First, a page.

Written by Dr. Christopher Manno
You’re faced with complex circumstances? You’re contemplating numerous alternatives from which to choose? You’ve decided on a course of action, and are considering how to ensure success. Outcomes are not as expected, and you need to know why. You are a leader with a revolving door of team members seeking assistance, support, and direction.
Here are five BIG questions that can assist a leader in taking control of what can often seem to be chaos. These questions, when applied consistently, can teach your team members to fish for themselves.
- What are our objectives? – What’s important here? What are we trying to accomplish in this situation? Which objectives are most important?
- Who should be involved in addressing this situation? – Which team members are needed to ensure varying perspectives are represented? Who will have a different point of view? – We want to hear from them!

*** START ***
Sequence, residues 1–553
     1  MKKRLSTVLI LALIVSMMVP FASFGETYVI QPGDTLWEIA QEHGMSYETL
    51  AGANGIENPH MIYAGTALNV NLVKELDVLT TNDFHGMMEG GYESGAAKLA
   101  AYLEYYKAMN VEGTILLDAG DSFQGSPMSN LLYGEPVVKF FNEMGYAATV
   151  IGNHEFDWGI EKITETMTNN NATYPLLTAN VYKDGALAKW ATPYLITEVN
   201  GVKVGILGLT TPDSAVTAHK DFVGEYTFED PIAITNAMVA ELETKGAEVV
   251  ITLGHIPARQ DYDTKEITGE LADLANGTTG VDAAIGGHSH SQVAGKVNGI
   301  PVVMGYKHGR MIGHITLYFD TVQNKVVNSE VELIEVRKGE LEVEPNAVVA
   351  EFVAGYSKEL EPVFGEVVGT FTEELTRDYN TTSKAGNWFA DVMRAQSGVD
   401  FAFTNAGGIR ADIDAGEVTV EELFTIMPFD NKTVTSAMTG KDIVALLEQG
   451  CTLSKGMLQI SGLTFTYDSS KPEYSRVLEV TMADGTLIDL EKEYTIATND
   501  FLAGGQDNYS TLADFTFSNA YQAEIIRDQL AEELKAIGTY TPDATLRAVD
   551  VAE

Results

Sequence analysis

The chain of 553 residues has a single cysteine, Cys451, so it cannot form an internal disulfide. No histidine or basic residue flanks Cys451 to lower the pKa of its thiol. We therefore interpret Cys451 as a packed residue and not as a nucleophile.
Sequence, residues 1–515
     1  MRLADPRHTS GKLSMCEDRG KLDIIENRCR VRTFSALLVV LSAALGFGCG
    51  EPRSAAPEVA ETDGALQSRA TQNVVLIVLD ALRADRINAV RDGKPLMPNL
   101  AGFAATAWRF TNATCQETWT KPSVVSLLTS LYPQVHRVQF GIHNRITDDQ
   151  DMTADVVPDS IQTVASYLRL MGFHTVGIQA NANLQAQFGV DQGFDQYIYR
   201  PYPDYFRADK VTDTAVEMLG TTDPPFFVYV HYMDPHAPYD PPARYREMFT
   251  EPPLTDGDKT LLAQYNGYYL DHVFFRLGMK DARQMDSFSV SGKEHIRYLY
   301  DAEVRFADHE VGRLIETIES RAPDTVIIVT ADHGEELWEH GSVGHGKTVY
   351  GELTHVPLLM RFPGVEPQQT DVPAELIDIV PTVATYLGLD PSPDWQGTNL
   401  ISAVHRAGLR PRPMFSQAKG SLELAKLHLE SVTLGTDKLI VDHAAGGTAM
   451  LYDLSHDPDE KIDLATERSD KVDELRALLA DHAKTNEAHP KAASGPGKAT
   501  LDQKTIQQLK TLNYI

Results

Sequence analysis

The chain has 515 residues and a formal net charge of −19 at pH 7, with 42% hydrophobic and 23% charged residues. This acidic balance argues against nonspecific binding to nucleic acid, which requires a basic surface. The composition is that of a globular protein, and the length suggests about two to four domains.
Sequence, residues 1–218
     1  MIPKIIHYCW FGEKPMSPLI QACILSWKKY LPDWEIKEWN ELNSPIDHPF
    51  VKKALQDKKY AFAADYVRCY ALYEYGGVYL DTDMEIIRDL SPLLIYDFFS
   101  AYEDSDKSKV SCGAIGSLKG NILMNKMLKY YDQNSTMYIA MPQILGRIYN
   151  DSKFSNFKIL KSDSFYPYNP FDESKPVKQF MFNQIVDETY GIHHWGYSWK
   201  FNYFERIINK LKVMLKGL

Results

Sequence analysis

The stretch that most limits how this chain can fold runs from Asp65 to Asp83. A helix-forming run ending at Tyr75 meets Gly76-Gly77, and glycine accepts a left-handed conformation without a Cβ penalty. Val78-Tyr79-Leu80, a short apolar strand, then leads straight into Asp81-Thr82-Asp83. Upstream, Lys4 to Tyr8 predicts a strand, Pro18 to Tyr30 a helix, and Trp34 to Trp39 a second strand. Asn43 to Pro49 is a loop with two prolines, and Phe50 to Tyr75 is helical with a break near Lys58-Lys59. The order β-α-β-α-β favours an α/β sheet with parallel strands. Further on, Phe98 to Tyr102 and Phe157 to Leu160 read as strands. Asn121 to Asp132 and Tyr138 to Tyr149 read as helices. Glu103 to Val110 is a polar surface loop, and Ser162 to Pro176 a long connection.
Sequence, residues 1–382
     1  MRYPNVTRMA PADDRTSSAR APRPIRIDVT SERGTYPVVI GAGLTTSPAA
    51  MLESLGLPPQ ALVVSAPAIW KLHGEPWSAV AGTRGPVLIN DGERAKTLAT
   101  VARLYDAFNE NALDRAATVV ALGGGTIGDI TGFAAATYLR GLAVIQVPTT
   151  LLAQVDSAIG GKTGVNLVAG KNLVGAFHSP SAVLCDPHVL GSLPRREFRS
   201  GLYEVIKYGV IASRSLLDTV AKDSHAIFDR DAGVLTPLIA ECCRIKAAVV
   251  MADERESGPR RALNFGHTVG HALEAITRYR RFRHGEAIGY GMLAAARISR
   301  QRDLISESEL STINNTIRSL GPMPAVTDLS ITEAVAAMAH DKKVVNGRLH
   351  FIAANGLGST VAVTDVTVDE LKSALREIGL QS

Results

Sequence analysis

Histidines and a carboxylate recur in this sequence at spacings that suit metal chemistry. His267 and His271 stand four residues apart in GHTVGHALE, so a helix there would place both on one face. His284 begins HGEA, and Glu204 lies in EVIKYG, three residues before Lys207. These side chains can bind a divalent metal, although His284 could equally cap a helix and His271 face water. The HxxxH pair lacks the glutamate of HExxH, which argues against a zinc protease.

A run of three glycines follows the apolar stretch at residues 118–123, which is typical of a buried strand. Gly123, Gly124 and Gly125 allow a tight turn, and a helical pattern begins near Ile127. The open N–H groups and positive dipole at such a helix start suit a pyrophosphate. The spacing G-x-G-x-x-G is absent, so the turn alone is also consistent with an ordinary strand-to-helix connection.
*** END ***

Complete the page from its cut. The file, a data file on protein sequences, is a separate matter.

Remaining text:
- What alternatives exist? – What are our choices? If we’ve decided on a course of action, what other alternatives did we consider?
- What risks exist related to this situation? – What can go wrong?
- How shall we protect against, and plan for, the risks? – How significant are these risks? What can we do to prevent the risk from occurring? If it happens, what will we do to minimize impact?
Leaders are often on “the balcony” (Richard DeFour) orchestrating the direction, decisions, and actions of an organization. Team members come to the leader often – seeking advice, direction, or pitching ideas. An effective leader is one who team members can count on with a consistent and constructive response to inquiries – a response, first and foremost, grounded in developing people and the quality of their thinking.
A leader who consistently responds to inquiries framed around these five questions teaches and coaches team members to think critically, and to effectively manage their own circumstances.
These questions, and this pattern of thinking, are grounded in the four TregoED process tools.
Guest blogger, Dr. Christopher Manno. This article was cross-posted on LinkedIn’s Pulse Blog.